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Qazvin (city)

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Qazvin (city)

For other uses, see Qazvin (disambiguation).
Qazvin
قزوین

Shazdeh Hosein shrine
Qazvin
Qazvin

Coordinates: 36°16′N 50°00′E / 36.267°N 50.000°E / 36.267; 50.000Coordinates: 36°16′N 50°00′E / 36.267°N 50.000°E / 36.267; 50.000

Country  Iran
Province Qazvin
County Qazvin
Bakhsh Central
Government
 • Mayor Masoud Nosrati
Elevation 1,800 m (5,900 ft)
Population (2006)
 • Total 349,821
Time zone IRST (UTC+3:30)
 • Summer (DST) IDST (UTC+4:30)
Area code(s) 0281
Website http://www.qazvin.ir

Qazvin (/kæzˈvn/; Persian: قزوین‎, IPA: [ɢæzˈviːn]Template:IPA audio link), also Romanized as Qazvīn, Caspin, Qazwin, or Ghazvin, is the largest city and capital of the Province of Qazvin in Iran. Qazvin was an ancient capital in the Persian Empire and nowadays is known as the calligraphy capital of Iran. At the 2010 census, its population was 572,916.[1]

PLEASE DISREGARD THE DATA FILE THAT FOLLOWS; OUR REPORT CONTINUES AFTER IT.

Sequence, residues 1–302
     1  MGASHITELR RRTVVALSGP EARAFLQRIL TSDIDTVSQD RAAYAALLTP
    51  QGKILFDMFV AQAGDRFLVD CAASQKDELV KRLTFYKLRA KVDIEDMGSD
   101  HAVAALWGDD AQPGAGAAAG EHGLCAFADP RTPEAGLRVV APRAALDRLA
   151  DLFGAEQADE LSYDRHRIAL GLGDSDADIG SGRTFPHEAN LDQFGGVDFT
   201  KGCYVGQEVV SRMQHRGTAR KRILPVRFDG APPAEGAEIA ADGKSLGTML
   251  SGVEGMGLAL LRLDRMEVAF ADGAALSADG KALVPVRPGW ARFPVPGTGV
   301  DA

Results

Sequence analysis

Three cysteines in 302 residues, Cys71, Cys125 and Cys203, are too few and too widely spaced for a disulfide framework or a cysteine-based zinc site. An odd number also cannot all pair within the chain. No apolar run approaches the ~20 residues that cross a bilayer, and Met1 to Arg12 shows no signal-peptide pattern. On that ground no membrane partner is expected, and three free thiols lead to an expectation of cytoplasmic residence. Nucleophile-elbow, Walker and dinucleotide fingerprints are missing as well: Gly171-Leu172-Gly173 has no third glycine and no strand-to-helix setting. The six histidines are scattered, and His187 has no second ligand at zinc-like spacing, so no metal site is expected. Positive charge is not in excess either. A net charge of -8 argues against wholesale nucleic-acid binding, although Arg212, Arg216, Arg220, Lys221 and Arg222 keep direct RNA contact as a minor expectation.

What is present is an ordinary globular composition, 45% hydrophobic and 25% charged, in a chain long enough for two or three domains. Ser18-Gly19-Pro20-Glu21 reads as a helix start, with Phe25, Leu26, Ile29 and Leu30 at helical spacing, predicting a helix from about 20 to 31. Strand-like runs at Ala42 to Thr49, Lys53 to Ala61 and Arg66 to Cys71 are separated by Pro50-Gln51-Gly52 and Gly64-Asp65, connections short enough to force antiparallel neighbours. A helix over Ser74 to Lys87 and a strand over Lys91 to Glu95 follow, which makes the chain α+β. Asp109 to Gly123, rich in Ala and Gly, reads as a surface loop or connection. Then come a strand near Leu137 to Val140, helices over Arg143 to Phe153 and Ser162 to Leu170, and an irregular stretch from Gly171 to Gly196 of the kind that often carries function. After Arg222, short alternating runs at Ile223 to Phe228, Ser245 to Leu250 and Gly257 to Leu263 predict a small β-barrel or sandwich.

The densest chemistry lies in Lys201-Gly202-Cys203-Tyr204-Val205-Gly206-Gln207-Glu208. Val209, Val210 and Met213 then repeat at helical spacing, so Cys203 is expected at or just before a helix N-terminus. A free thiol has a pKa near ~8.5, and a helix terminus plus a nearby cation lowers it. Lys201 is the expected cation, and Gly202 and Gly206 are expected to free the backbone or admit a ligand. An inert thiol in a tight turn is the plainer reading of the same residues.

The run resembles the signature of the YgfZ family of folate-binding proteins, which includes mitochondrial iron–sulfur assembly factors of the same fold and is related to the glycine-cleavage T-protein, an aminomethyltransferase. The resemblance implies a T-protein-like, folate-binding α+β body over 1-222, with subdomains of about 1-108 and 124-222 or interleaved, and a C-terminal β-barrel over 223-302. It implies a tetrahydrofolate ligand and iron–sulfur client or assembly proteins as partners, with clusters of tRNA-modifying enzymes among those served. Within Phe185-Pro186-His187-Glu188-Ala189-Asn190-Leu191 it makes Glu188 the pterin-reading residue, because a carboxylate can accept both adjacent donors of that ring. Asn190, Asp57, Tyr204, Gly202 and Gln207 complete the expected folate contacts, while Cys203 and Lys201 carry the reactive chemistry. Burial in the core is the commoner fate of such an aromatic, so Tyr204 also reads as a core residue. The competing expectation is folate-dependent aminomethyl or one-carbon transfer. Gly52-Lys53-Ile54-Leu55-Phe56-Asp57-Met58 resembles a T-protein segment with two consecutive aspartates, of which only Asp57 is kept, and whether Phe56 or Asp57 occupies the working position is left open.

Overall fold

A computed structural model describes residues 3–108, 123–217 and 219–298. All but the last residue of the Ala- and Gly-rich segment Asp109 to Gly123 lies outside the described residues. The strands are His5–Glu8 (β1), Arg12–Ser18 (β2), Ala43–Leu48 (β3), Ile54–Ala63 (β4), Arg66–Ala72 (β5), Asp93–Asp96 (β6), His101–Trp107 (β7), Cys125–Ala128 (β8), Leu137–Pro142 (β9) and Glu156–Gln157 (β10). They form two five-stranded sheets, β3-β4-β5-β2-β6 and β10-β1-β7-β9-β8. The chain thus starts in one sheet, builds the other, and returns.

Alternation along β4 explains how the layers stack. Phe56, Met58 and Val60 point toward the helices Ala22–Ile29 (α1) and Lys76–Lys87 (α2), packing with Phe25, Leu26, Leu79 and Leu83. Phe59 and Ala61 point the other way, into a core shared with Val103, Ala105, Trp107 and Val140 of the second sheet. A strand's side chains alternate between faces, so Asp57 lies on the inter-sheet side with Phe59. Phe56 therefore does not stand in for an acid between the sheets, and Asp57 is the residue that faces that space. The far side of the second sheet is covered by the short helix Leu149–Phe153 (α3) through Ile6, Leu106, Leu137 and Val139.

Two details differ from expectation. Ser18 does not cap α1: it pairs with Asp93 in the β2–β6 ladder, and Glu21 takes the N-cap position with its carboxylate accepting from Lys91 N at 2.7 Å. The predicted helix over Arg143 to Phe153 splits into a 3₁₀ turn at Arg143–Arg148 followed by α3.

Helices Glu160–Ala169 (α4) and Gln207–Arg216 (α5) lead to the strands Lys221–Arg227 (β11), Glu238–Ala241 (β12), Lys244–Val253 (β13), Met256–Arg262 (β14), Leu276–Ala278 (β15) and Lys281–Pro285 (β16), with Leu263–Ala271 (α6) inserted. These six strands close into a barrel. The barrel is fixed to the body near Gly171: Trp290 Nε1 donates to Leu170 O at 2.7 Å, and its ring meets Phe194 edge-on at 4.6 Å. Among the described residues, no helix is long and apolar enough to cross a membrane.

Located in 150 km (93 mi) northwest of Tehran, in the Qazvin Province, it is at an altitude of about 1,800 m (5,900 ft) above sea level. The climate is cold but dry, due to its position south of the rugged Alborz range called KTS Atabakiya

History

The city was a former capital of the Persian Empire under Safavids.[2] It is a provincial capital today that has been an important cultural center throughout history.

Archeological findings in the Qazvin plain reveal urban agricultural settlements for at least nine millennia. Qazvin geographically connects Tehran, Isfahan, and the Persian Gulf to the Caspian seacoast and Asia Minor, hence its strategic location throughout the ages.

The city today known as Qazvin is thought to have been founded by Shapur II, King of Persia in 250 CE, under the name Shad Shahpur, when he built a fortification there to control regional tensions.